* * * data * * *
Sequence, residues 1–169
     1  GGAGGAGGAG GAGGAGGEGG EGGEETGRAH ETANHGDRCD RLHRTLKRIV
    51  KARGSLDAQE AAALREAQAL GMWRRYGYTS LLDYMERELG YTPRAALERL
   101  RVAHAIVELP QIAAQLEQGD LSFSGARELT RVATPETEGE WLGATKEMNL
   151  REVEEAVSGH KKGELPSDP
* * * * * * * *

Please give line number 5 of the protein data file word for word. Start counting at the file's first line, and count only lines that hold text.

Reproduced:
   151  REVEEAVSGH KKGELPSDP